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Catching Up With

Kit Downes: Old Stars, New Blues

By Published: April 15, 2013
Blues may be central to much of jazz but its influence seems less obvious among the younger generation of European jazz musicians. Downes identifies one particular musician as the man responsible for his current interest. "Chris Montague is very into blues: he's an encyclopedia of guitar and really got me into all of this. I even started to try and play guitar: there are some dodgy blues licks I can just about do. It's opened up a new sound, a new way into the old blues language. I do see a link between blues and a lot of European jazz and folk. Maybe just in the atmosphere, the sentiments, aesthetic links."

It's certainly true that the blues, like science, has never been afraid of dealing with major concepts. Loss, death and revenge, for example, are staple themes. "Yeah, they are. Skip James has lots of very bleak material. The blues does deal with very deep subject in a very pure way."

There are folk influences at work too. For example, Lucy Railton's cello introduction to "Two Ones" has something of an Appalachian feel. "Lucy and I talked about the introduction. She settled on what contemporary classical musicians might call a graphic score. We wanted it to reference a Bulgarian folk feel. It's just meant to be a sweet, folky, thing. I wanted to put it in an old, folky, non-specific space to set up the rest of the tune."

Another of Downes' European influences is Swedish pianist Jan Johansson
Jan Johansson
1931 - 1968
, whose Jazz På Svenska (Megafon Records, 1964) is one of Sweden's best-selling jazz albums. Johansson died in 1968 but remains an inspirational figure—his own work was heavily influenced by Scandinavian folk song. For Downes, Johansson's inspiration is not only from his playing. "You can find inspiration from different aspects of a musician, not just their music. It can be how they worked, how they pioneered things, how they were as people. He was a very important figure in what we now call Nordic jazz, what's ended up being a general European jazz concept. The way his records sound is very unique, I think. The piano and double bass duo, his piano touch; there's a very strong atmosphere. He's not one of my favorite instrumentalists, but he sounds completely like himself; that's very inspiring." Downes is a relative latecomer to Johansson's work. How did he come to hear the Swedish pianist for the first time? "Oh, [British saxophonist] Iain Ballamy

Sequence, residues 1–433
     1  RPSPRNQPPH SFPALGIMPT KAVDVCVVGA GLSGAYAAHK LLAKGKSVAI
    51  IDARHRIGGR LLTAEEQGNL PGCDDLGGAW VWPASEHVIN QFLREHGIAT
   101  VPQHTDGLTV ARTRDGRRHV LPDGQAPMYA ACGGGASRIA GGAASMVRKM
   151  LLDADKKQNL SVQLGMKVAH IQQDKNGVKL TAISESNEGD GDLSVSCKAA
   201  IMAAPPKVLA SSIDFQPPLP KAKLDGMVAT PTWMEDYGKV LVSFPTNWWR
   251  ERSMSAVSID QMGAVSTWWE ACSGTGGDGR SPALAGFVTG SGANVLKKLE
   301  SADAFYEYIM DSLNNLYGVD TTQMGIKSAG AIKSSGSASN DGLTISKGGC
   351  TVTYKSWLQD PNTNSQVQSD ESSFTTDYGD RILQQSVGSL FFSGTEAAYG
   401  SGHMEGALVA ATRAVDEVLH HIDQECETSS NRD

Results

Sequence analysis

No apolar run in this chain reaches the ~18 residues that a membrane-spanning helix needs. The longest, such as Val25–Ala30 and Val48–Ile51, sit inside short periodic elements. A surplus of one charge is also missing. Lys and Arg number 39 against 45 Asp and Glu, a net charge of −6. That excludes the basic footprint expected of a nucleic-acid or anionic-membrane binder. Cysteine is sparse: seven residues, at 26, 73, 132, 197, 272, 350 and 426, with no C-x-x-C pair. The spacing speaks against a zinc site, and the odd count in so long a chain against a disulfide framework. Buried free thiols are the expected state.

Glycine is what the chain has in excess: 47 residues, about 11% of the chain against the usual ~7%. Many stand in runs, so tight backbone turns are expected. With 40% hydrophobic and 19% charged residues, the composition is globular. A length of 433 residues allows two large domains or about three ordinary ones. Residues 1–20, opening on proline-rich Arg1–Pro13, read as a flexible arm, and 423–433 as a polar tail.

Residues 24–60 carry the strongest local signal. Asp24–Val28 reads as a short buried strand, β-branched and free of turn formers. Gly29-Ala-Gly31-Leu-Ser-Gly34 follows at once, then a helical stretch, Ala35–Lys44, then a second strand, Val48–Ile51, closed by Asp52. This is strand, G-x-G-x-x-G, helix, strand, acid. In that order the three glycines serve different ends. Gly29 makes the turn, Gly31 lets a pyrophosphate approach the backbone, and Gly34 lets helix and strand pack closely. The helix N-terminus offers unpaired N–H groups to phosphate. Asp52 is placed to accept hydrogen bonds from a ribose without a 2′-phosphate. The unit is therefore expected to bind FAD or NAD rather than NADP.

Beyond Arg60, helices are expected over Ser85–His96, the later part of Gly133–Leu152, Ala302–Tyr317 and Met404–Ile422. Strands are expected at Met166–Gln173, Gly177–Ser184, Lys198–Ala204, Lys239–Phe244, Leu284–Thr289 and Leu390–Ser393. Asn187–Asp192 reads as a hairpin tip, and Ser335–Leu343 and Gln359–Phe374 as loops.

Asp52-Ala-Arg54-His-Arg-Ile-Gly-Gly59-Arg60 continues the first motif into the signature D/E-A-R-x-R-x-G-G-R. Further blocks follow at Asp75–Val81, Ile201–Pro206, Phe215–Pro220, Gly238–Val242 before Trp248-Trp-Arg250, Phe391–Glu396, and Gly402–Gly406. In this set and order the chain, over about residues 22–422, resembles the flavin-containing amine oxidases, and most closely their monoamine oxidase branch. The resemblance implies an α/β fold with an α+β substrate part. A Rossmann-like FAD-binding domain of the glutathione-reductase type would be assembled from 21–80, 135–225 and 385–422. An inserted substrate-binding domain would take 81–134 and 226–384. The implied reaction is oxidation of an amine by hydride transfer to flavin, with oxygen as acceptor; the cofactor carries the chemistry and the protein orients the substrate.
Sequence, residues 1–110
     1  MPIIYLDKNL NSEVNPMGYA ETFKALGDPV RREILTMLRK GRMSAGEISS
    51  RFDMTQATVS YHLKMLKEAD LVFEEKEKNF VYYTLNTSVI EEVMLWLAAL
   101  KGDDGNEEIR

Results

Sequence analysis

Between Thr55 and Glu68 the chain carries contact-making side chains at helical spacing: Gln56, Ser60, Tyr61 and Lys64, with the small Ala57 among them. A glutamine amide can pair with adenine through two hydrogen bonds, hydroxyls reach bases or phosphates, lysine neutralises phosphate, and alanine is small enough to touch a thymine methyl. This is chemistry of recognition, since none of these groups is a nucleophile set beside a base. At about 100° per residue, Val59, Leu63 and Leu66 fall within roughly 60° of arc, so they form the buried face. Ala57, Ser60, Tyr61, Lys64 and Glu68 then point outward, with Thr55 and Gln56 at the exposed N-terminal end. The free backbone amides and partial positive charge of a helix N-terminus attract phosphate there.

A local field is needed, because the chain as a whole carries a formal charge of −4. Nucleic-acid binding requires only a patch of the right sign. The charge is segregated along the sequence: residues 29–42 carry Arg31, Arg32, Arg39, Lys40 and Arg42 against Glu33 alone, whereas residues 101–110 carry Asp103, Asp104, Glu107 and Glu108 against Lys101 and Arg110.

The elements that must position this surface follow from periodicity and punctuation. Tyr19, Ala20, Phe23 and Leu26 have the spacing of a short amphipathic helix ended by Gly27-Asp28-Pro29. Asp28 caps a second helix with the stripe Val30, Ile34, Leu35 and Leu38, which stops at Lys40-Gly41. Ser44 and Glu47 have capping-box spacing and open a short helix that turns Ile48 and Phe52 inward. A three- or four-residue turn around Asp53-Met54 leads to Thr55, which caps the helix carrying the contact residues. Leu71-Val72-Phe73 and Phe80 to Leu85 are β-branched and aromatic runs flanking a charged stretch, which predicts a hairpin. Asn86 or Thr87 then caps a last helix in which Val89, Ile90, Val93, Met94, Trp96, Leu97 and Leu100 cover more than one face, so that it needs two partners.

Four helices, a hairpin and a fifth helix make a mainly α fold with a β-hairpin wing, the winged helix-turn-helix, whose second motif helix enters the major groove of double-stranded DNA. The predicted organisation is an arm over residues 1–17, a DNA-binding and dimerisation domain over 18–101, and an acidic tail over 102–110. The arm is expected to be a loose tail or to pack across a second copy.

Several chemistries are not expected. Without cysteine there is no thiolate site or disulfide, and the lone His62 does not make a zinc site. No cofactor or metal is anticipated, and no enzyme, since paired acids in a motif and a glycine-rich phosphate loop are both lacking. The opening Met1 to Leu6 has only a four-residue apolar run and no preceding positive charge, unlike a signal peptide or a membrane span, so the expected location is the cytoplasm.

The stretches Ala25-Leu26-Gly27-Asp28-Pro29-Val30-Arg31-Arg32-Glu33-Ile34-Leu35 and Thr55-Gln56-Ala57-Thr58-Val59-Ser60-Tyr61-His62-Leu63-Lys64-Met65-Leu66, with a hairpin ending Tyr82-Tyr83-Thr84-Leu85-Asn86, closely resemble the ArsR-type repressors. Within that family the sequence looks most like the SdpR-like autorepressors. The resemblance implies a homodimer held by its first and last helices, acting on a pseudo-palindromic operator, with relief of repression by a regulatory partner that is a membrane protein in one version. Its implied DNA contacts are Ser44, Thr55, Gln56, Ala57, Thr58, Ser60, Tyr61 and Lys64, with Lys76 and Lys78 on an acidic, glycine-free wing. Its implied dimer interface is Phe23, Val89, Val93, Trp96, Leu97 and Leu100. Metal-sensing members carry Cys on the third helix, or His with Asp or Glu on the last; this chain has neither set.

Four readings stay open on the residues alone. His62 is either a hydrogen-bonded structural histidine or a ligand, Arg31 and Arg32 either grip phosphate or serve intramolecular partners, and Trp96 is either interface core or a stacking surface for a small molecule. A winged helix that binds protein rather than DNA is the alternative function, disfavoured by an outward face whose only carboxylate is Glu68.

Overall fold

Iain Ballamy
Iain Ballamy
sax, tenor
hipped me to him, maybe four years ago. It's the same with Paul Bley, who's better known, probably more influential. His influence on [pianist] Keith Jarrett
Keith Jarrett
Keith Jarrett
is enormous, but he's not regularly name-checked. He's done my joint favorite piano trio album, Footloose! (Savoy Records, 1963). He sounds unique, has a completely individual musical language, for me he's just magic.

"I remember an interview with Bley where he talks about 'the freedom of the hands.' It's a very intangible thing, that idea that if you let go your body knows what to do. There's a weird tie-in with how we think about nature, the way we treat information consciously or unconsciously. We're always walking that divide when we're improvising. You're always in a state of flux between the two."

Downes also works with singer/songwriter Sarah Gillespie. "Sarah calls on a very different range of influences compared to what I do in any other band. We're both really into Paul Simon
Paul Simon
Paul Simon
, Jeff Buckley, people like that. So it's a very different musical language, playing with Sarah. I really love it. I'm still being myself in that context, but I get to use a different set of colors. It's also fun to work with such a great lyricist, it's a different challenge."

While the pianist enjoys this challenge, he's at pains to avoid any clichéd responses to the lyrics. "Like when someone sings 'waterfall' and the piano goes 'Tinkle, tinkle, tinkle'? That gets on my nerves. Sarah's songs aren't about one specific thing, there's a theme with a myriad of topics. The lyrics are another strong palette to paint with."

When Downes was last interviewed for AAJ, back in mid-2010, he revealed that his "dream collaboration" would be with Bill Frisell. Is that particular partnership still top of his list? "Yes, probably. He's one guy I haven't talked about yet, but he's probably the most important influence on Light From Old Stars. My decision to have the group play totally acoustically was from seeing his 858 Quartet, how they dealt with dynamics. Also, I love his approach to writing melodies. For me he really gets that thing of early blues, real depth of emotion, very powerful but never over the top."

This interview took place at Downes' parents' home on the North Norfolk coast. It's only a hundred yards or so to the cold and unwelcoming North Sea and it feels like it's a thousand miles away from jazz's more usual urban hangouts. But it's a great place to see the light from old stars.

Selected Discography

Kit Downes, Light From Old Stars (Basho Records, 2013)

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